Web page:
I’ve found there is huge public interest and concern about the catastrophic effects of the Eagle Creek Fire on the Columbia River Gorge. Pictures of ridgeline after ridgeline enveloped in bright orange fire, trees bursting into towering flames, and the choking smoke that filled valleys throughout the Pacific Northwest are truly a hellish image of Armageddon visited on the entire area. But, while the temporary loss of recreational trails and green forest aesthetics, and the increased potential for landslides and falling snags are inconvenient and even somewhat dangerous, the truth is that the recent fires have not ruined the natural areas of the West and the Gorge in particular, but instead have refreshed and renewed them.
This past summer I’ve been interpreting geology for a new Columbia Gorge Master Naturalist Program, working beside forest ecology experts who are extremely optimistic regarding the effects of the Eagle Creek Fire. One of those experts, wildlife habitat expert Bill Weiler, writes, “Life will return to burned areas in short order. Fungi are already crawling around in the ashes of the fire, laying the foundation for soil that will support the plants that will constitute the early stage of the forest’s re-growth—a time when heat from the fire and sunlight newly reaching the ground in the absence of a canopy encourages a new crop of plants to firm up the soil structure that will allow gigantic trees to thrive. And ash is nature’s fertilizer. Plant blight, disease and insects are reduced or eliminated by burns. Mineral soil is the compost that Douglas fir seedling roots need to grow. “Dead trees” or snags are full of life.”
In a typical forest fire a third of the trees will be scorched and dead, a third will be moderately to severely damaged, and a third will be essentially unscathed. Reports from the Eagle Creek Fire describe that fire as a discontinuous “mosaic burn” with much less devastation even than the typical forest fire burn.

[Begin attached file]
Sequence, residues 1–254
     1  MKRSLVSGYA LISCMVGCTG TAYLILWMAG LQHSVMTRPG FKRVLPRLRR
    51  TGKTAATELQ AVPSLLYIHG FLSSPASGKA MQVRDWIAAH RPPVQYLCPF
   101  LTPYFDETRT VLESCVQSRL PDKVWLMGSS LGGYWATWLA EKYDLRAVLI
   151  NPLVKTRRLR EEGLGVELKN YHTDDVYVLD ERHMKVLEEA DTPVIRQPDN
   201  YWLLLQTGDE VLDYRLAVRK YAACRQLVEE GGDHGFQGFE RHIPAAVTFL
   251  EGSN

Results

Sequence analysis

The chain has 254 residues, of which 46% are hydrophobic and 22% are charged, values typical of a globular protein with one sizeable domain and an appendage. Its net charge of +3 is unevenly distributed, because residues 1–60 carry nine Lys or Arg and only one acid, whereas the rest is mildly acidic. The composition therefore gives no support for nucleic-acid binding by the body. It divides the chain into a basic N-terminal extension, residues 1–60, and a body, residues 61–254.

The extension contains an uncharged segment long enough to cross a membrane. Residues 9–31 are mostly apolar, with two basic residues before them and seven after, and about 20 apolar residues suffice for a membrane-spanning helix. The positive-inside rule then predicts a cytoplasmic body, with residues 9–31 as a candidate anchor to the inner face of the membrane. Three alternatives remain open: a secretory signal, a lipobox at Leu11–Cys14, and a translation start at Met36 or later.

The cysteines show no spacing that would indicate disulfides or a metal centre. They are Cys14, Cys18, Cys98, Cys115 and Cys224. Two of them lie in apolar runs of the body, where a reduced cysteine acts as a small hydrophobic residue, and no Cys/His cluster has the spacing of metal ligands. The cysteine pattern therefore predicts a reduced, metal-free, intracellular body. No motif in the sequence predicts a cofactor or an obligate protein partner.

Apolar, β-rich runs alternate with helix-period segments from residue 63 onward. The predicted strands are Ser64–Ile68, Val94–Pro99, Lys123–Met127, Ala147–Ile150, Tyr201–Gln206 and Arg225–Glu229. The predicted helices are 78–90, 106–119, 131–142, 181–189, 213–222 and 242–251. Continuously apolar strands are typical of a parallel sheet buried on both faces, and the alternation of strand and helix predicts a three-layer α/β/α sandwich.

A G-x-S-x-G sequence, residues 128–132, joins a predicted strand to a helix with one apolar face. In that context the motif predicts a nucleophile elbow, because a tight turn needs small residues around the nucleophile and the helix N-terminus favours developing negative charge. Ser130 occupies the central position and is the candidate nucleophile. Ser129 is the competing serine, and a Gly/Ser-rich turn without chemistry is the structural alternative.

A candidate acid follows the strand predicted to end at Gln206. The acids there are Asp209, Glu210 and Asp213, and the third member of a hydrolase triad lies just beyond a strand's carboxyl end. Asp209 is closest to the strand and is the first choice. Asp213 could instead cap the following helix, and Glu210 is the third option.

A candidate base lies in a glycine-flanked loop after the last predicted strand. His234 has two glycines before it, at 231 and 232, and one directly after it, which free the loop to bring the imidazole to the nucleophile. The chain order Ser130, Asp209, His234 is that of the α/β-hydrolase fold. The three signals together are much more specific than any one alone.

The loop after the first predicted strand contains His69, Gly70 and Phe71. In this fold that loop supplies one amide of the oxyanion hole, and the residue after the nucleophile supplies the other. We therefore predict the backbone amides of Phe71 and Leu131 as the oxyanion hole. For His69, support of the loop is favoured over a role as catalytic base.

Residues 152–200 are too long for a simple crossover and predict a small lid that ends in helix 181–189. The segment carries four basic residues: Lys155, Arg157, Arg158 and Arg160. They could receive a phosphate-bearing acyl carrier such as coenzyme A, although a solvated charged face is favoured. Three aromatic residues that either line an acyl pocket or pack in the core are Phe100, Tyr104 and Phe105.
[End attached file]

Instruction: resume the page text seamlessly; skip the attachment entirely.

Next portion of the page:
There is a broad consensus among scientists that we have considerably less fire of all intensities in our Western U.S. forests compared with natural, historical levels, when lightning-caused fires burned without humans trying to put them out. Early in the 20th century, before fire suppression became the norm, the average annual burn area in the western states was over 25 million acres, compared to a recent average of 4-6 million acres.
According to Oregon State University Professor John Bailey, a century’s worth of suppressing wildfire in the United States has created conditions, especially in the West, that will ensure longer fire seasons because of longer, drier and hotter summers. Those conditions point to the need for “actively managed” forests which could include more deliberately set and managed prescribed fires. “Easily two-thirds or more of the Gorge fire is really good ecological fire,” Professor Bailey said, “the fire does some of the fuel management for us.”
There is an equally strong consensus among scientists that fire is essential to maintain ecologically healthy forests and native biodiversity. This includes large fires and patches of intense fire, which create an abundance of biologically essential standing snags and naturally stimulate regeneration of vigorous new stands of forest. These areas of “snag forest habitat” are ecological treasures, not catastrophes, and many native wildlife species depend on this habitat to survive. More than 260 scientists wrote to Congress in 2015 noting that snag forests are “quite simply some of the best wildlife habitat in forests. ”
Much of the Eagle Creek Fire burn area is currently closed to civilian activities due to the danger from flare-ups, rock slides and falling snags. The fire is less than 50% contained due to the ruggedness and inaccessibility of much of the area. Though it is still burning it is not expected to flare-up again until Winter rains and snow completely douse the embers. If restrictions are adequately lifted in the Spring the Columbia River Gorge Chapter of IAFI will offer a combined geology and ecology field trip in the Gorge, probably in late April. Keep an eye on the IAFI.org calendar in early 2018 for details and registration.